Join us, as our young campaign volunteer learns about voter intimidation…
Pavel Syerov, Jr. was back home from college for the weekend, just to walk some precincts before the election. With a bakery halfway between the train station and the house, he decided to pick up some danish and doughnuts for the folks. He walked into the familiar storefront, took his place at the end of a long line, and instinctively reached for his smartphone to kill time during the wait. But his ears perked up when he overheard a discussion in progress, ahead of him in line.
“Well, it’s the first time I’ve ever received a letter like that, Maria!”
“Same here, Oksana,” replied Maria. “It’s creepy. I guess I always knew they could tell who voted, but who ever thought they’d actually call you on it? I always thought those statistics were just general, not individualized.”
“I know, right? When I saw a letter from the party, I just thought it would be one of those usual letters, like ‘Your polling place is P.S. 100’ or something. But this felt like more a threat!”
Pavel had heard about these letters. Everybody in the dorm was talking about it, since it had been all over social media, all week. But he hadn’t actually seen one, so he kept on listening.
“The letter said they knew how I vote, and they’re counting on me continuing to vote that way,” said Maria. “I mean, whatever happened to the secret ballot?”
“It’s like we’re back in the old country,” answered Oksana, nodding sadly. “But they spy over here too. And we thought it would be different.”
Pavel couldn’t keep quiet any longer. “Excuse me, ladies, but I think you misunderstood the letter. They couldn’t have said they know how you vote.”
The ladies turned toward him, and one asked “How can you be so sure? Are you saying I can’t read English?!”
“No, no, Ma’am, of course not.” Pavel shook his head and continued. “I’m just saying they wouldn’t have said that, because we DO have a secret ballot in the United States, and if they said they knew how you voted, they’d be admitting to a felony.”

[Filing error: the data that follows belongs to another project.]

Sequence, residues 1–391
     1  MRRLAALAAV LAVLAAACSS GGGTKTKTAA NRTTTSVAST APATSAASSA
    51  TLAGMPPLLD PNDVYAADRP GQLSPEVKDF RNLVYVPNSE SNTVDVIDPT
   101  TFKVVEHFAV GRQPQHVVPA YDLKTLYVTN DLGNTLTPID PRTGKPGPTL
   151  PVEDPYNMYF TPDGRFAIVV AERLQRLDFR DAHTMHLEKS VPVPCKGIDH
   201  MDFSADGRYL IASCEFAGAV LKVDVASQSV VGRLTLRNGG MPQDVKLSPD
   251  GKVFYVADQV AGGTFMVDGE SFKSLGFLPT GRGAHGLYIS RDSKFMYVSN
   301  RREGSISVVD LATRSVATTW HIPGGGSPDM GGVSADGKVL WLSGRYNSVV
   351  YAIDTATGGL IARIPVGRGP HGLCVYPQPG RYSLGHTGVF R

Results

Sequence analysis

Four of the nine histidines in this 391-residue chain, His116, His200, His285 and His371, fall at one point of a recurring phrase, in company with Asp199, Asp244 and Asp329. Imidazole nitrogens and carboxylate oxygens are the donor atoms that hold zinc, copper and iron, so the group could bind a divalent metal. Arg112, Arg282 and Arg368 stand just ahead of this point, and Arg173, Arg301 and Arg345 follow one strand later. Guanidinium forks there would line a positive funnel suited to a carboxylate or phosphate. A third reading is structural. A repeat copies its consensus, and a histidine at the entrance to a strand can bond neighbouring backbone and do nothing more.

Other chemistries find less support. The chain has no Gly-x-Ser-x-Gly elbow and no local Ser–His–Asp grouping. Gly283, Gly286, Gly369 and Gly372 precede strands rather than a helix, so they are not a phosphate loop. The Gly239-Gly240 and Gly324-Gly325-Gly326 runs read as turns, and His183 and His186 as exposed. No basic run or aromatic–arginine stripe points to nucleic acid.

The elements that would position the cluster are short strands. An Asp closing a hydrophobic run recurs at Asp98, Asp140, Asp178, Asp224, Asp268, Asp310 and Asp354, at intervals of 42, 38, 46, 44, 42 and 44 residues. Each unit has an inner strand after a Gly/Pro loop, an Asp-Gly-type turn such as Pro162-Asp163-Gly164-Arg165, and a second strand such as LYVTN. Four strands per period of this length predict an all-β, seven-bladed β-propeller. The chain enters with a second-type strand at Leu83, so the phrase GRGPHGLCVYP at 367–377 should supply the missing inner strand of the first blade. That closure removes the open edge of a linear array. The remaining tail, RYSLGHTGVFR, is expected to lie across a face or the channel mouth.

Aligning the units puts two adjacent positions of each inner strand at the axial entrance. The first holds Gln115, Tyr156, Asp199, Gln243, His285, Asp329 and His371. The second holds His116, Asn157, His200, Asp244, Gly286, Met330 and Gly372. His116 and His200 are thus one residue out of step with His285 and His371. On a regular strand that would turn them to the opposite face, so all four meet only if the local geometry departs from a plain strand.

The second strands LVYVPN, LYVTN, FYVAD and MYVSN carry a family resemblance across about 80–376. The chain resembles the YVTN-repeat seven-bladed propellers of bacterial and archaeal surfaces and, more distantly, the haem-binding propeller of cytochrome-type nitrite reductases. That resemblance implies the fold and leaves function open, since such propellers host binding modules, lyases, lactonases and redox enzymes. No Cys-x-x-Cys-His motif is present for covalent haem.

“And I suppose your precious Democrats don’t break the law?” huffed Maria.
“No, I didn’t say that,” Pavel chuckled, “I just said they don’t ADMIT to it. They break laws all the time, but this particular one is hard.”
“So what do YOU think our letters said, smart guy?”
“Well, I’m betting they said they appreciate you for being a good dependable Democrat, because you take a Democrat ballot every primary. Heck, it’s Chicago, who doesn’t?” Pavel paused, and muttered to himself, “and that’s certainly something that needs to change.” He went on. “So they’re just ASSUMING that you vote Democrat in November. It’s a pretty safe bet, generally.”
Relieved, the ladies looked at each other, then back to Pavel, and one asked “You’re positive?”
“Well, anything’s possible, of course, but it would be pretty hard for the party to know how you voted. If you needed help halfway through, because of some problem with a touchscreen machine or with a paper ballot, then the election judges would see… but that’s unlikely.” Pavel paused a moment, and started asking direct questions. “Do you have really bad eyesight? Have you ever needed an election judge to help you vote?”
“No, of course not!” both ladies said in unison.
“Have you ever filled out an absentee ballot in the presence of a party worker or election worker?
“Never!” they both said. And Maria added “I’ve never voted by absentee in my life; I always vote at the polling place, on Election Day, like you’re supposed to!”